Volume 3, No. 9, September 2021
Editor: Rashed Rahman
Khan, Ayesha. The Women’s Movement in Pakistan: Activism, Islam and Democracy.
398pp., I.B Tauris 2018
Dr. Maria Rashid
Titled The Women’s Movement in Pakistan: Activism, Islam and Democracy, Ayesha Khan’s book is a comprehensive and nuanced account of the history of the Women’s Action Forum (WAF). This reading of the women’s movement is particularly pertinent at this juncture in Pakistan’s history for two reasons. First, WAF’s activities unfolded in the context of an over-vigilant state, hyper-sensitive to dissent, under Zia during Pakistan’s third martial law regime (1977-1988). Whilst it may be simplistic to view the shrinking space in present-day Pakistan for free speech and critical debate as exactly the same, the subversive element to organising around resistance and rights discourse today is disturbingly reminiscent of the first phase of the movement, as explicated so well by Khan. Third, nearly forty years on, we have a new generation of women speaking out in Pakistan. Their struggle – be it in more vocal and provocative protest on the streets, or as members of the rising labour force in universities, the media or in parliament – stands on the shoulders of WAF’s resistance and activism, irrespective of whether these women identify as feminists or not. Sustained collective action by this group of women shaped the early discourse around gender and social justice in Pakistan, and continues to determine the current legislative and policy agenda and reform around women’s rights.
Khan does not rush to introduce WAF and instead spends the first two chapters of the book describing the political context around the Cold War, including the shifts within the Muslim world and the rise of political Islam. It is not until chapter 3 that she details the birth of WAF during Pakistan’s harsh martial law regime under Zia. The book traces the meandering, some may argue reactive, trajectory that the movement followed through the turmoil and disillusionment after Zia’s death. This was a period marked by periods of fledgling democratic rule, as well as the creeping but sure spectre of religious extremism and talibanisation during Pakistan’s fourth martial law regime under Musharraf (1999-2008). Khan argues that this historicising is essential, because women’s rights and freedoms in Pakistan continue to be shaped by the parameters of the resistance that emerged during the Zia regime.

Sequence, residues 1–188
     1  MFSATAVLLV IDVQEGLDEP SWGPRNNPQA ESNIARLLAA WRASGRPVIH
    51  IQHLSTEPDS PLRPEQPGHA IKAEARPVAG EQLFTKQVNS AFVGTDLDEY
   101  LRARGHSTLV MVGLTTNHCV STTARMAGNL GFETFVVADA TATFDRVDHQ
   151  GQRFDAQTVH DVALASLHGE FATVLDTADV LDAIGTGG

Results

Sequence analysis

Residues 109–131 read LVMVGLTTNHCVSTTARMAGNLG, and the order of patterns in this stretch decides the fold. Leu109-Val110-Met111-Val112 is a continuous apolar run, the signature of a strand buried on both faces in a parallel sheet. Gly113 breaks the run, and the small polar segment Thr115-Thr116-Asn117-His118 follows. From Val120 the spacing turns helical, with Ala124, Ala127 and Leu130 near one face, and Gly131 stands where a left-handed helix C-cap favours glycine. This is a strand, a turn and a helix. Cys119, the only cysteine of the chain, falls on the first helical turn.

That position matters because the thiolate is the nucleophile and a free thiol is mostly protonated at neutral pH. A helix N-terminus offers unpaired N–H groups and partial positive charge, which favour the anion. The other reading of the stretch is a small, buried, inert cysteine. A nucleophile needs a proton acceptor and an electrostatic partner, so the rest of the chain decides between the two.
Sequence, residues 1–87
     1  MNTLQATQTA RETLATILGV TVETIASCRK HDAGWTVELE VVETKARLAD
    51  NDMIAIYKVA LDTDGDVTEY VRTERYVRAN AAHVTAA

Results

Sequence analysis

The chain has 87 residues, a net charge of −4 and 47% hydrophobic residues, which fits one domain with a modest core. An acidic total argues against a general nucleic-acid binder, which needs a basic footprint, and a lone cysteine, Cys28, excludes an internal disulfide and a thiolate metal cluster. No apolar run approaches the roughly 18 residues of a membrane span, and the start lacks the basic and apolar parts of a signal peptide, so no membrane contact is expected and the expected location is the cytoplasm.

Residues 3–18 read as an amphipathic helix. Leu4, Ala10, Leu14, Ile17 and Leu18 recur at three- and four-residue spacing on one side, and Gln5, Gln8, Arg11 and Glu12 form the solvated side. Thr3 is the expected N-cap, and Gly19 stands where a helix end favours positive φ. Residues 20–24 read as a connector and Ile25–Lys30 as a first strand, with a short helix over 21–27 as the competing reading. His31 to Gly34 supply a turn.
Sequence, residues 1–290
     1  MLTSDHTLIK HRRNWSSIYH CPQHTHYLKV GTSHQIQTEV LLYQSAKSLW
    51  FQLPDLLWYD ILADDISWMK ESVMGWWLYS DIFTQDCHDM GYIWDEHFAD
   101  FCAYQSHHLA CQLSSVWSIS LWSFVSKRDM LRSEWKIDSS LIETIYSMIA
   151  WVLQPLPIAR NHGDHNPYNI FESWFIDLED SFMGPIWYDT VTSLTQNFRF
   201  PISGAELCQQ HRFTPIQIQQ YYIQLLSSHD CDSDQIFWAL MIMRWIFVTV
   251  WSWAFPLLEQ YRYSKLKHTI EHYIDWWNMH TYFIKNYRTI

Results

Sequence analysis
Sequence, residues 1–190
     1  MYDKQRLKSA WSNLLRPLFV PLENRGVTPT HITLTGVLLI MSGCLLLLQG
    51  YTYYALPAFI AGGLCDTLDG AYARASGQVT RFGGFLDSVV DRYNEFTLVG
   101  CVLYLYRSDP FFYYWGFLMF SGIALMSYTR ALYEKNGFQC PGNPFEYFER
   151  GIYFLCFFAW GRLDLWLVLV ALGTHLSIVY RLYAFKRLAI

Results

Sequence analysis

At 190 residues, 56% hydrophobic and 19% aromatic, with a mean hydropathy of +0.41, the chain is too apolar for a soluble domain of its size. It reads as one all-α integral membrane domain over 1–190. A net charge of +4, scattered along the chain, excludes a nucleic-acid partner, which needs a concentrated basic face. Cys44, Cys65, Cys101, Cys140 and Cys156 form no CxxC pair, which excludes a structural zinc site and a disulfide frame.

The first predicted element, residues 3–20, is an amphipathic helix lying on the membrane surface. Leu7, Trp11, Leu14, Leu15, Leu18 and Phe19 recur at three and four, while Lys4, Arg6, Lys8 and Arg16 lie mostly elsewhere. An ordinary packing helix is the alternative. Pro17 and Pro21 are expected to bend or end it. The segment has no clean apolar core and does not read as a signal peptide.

The emergence of WAF in Pakistan is documented through the voices and memories of women at the forefront of the movement, many of whom continue to be active and remain vanguards of the struggle. The book is full of anecdotes of secret meetings and friendships forged during these turbulent times. There are accounts of street protests and arrests interwoven with the stories of women who suffered directly under draconian laws like the Hudood Ordinances. Khan’s ability to weave in these stories is a reminder that the movement that she so painstakingly details was a fight against the discrimination and sexual violence anchored in the political and social context of those times. The movement organised itself around discriminatory laws and policies that affected the lives of women across socioeconomic classes, religious affiliations and ethnicities, though the impacts on their freedoms varied. This nuance is sometimes lost in the oft-heard critique that WAF was elitist and unrepresentative of all women in Pakistan, or that it failed to build greater momentum across class. Often analysed without context, WAF has been evaluated against what it could have become, rather than what it stood for in the times within which it evolved. This is not to suggest that critical analysis is not important, but it would do well to temper it with an understanding of the daunting complexities that determine women freedoms in Pakistan, past and present. It requires a perspective that considers the real lives of the women who took the stands and risks that they did, and in doing so, shaped the discourse around the woman question in Pakistan, a lens that Khan uses well.
In the book Khan also responds to a growing body of scholarship which questions the relevance of western secular political ideas in Muslim countries and critiques WAF’s secular politics as influenced by western feminism. In outlining the political project of WAF, Khan positions the movement as a struggle for a secular and inclusive democracy with equal rights for all citizens irrespective of sex, ethnicity or religious affiliation. This struggle is rooted in a context of resistance in a state beset by unstable democracy, a praetorian military and the appropriation of religion, where the status and agency of women become arenas for political point-scoring and markers of legitimacy for both state (military and civilian) and non-state actors. In a climate such as this, she convincingly argues for the need for a secular feminist discourse. A discourse that rejects US and western global imperialism as well as revisionist Islamist discourses that romanticise the Islamic tradition and in so doing enforce an agenda of exclusion that lends itself to religious bias and extremism.
As Khan suggests in her introductory chapter, we have in Pakistan ‘a new generation so garbled in their understanding of the relationship between state, society and Islam, they blame Malala Yousafzai for bringing a bad name to her country because she was shot by the Taliban and celebrated abroad’ (Khan: 2). In this climate, a book that carefully charts the context and course of a social justice movement that rejected military rule and Islamisation can contribute to an understanding of why we stand at this juncture in Pakistan’s history.